Don’t Count On Motivation, Because Discipline Is The Key

Discipline Is King

Motivation is a fleeting state that requires a certain mental or emotional approach to reach a goal.

It fluctuates depending on outward conditions.

In contrast, discipline can help you conquer the toughest challenges.

For example, you may wake up with a cold or flu and have a 10,000 word report to write, yet not be motivated to complete it.

However, discipline commands you tackle the work knowing it must be completed, regardless.

Success depends on discipline because motivation comes and go. It entails chipping away at a goal until the desired outcome is realised.

Motivation is interrupted by excuses and fades steadily. This is why your motivation at the beginning of the year contracts towards the latter part.

“In other words, if you are an effective manager of yourself, your discipline comes from within; it is a function of your independent will. You are a disciple, a follower, of your own deep values and their source. And you have the will, the integrity, to subordinate your feelings, your impulses, your moods to those values,” states author Stephen R. Covey in The 7 Habits of Highly Effective People.

You mustn’t wait until the perfect conditions to begin a task. Rather, tackle it boldly until the conditions become perfect.

Motivation is an overused word, apparent in the corporate world where managers try desperately to inspire their employees.

Yet, in the sporting world motivation cannot be relied upon by athletes for success.

Winning athletes know discipline is the cornerstone of success. They consistently show up to training when they’re less inclined. Unforeseen circumstances may interrupt their preparation, yet they are determined to put in hours of dedicated practice.

Life has a way of dragging you every which way if you let it. This means if a crisis or unplanned event arises, you may be unmotivated to take action on your goal.

This scenario happens all too often.

If you think back on the previous week, did something unexpected affect your motivation?

Did it wane during the week or were you disciplined despite the interruption?

Author Jay Samit states in Disrupt Yourself, “By carefully studying your environment and analyzing your daily frustrations, you’ll find that opportunities for disruption start to jump out at you. Daily discipline is the key to this exercise. I tell my students to write down three things they notice could be improved every day.”

Get Feelings Out Of The Way

You must disassociate feelings with actions to reach your goals. This is the biggest impediment affecting people because they are dictated by their emotions, instead of seeing the goal as the prize.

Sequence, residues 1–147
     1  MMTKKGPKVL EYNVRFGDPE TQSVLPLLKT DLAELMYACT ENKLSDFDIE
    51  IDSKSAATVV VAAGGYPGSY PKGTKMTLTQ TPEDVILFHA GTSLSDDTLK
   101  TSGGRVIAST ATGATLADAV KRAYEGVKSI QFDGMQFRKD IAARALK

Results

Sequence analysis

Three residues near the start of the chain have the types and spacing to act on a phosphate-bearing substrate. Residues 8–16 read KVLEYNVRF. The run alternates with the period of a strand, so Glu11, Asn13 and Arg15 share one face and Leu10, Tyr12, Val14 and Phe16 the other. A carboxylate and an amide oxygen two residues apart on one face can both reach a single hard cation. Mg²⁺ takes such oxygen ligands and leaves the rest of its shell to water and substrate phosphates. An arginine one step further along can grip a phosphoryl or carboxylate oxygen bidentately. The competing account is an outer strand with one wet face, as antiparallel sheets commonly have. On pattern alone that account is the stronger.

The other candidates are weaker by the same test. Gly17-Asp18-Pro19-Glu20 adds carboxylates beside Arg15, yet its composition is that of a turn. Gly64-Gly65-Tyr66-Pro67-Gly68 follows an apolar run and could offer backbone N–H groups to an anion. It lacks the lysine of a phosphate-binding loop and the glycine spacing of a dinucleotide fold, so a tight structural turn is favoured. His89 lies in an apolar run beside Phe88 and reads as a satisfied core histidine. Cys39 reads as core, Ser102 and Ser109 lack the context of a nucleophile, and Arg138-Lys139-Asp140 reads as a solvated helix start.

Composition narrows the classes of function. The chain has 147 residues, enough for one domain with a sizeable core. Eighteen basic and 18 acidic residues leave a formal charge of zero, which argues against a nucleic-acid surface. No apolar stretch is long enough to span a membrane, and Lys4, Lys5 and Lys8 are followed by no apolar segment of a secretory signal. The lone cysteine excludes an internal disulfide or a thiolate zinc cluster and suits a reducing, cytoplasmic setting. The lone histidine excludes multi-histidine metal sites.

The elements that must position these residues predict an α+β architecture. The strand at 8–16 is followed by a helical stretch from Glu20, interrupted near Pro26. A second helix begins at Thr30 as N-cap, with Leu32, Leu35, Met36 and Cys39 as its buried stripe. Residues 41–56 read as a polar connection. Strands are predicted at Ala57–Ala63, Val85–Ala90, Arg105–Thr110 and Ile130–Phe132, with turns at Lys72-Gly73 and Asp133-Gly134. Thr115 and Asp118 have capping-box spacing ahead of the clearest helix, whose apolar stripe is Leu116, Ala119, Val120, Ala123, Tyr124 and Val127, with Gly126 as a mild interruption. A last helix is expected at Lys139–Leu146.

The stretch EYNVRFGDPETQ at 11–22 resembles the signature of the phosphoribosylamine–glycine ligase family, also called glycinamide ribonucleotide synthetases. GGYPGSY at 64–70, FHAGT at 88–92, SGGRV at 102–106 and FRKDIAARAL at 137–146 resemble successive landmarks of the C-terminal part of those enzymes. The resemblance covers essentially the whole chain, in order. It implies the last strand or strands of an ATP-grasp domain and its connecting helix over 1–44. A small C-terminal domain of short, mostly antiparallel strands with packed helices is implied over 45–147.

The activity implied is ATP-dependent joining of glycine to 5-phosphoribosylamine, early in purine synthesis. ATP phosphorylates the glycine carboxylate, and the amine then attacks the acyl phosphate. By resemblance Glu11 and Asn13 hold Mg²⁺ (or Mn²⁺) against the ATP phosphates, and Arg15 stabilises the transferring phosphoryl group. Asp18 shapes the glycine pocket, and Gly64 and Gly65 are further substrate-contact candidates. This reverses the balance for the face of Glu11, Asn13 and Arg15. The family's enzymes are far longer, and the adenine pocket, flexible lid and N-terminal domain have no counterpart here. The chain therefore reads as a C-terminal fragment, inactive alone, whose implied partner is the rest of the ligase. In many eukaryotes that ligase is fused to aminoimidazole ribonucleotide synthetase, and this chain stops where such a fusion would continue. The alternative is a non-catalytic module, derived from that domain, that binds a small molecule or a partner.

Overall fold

You will enjoy reaching your goals more than the immediate gratification of succumbing to your emotions.

If you rely on feelings, you are less inclined to commit to the task at hand because you are dictated by short-lived emotional states.

Discipline means showing up time and again, irrespective how you feel. The goal has a greater purpose, so it is incumbent on you to stay committed until the end.

It’s clear, you don’t undertake a goal to play small. It’s about winning and achievement that make the pursuit exciting.

“The discipline of consistent action is what self-management is all about. It’s the only way to win and keep winning,” affirms author Larry Weidel in, Serial Winner: 5 Actions to Create Your Cycle of Success.

So, how can you be more disciplined and avoid counting on motivation?

First, create regular routines without over-committing in the early stages. If your goal is to exercise four times a week, build gradually instead of going all out in the first week.

The greatest impacts on your life will result from taking the first step and improving on it.

Gradual Improvements

In the sporting world there’s a term known as, marginal gains popularised by Sky Team’s cycling manager, David Brailsford. It is a concept referred to as the “aggregation of marginal gains.” According to Brailsford it means, “The 1 percent margin for improvement in everything you do.”

At the senior level, most professional athletes are of a similar ability in terms of: performance, dedication and skill. What separates first from second or third is the smaller gains, the 1% such as: sleep, nutrition and recovery.

The 1% increments add up, leading to marginal gains. Therefore, discipline becomes the means to success.

“Success is actually a short race – a sprint fuelled by discipline just long enough for habit to kick in and take over,” state authors Gary Keller and Jay Papasan in, The One Thing: The surprisingly simple truth behind extraordinary results.

The key is to start small and make small increments towards your goal.

Second, discover your underlying motivation for pursuing the goal. Find a convincing reason to take daily action, even if it’s the smallest task, you are likely to stay committed.

People who have a compelling reason are disciplined until the goal is accomplished.

The desire must be imbued with enthusiasm, you will stop at nothing to achieve it.

“As Samuel Johnson said, “The chains of habit are too weak to be felt until they are too strong to be broken.” Anyone who thrives in any endeavour develops this discipline, the ability to be still, to stay the course, to grow down – no matter what. No matter how the world receives them. No matter what results they get initially,” affirms Derek Rydall in Emergence: Seven Steps for Radical Life Change.

The forces of life conspire against you in the form of resistance. If you succumb, your efforts will be in vain and your success squandered. Yet, if you take them into account, you will stay resolute irrespective of the circumstances.

Persistent action in the face of fear is paramount, as Susan Jeffers writes in her acclaimed book, Feel The Fear And Do It Anyway. With this approach, you reinforce your self-esteem each time you commit to a task.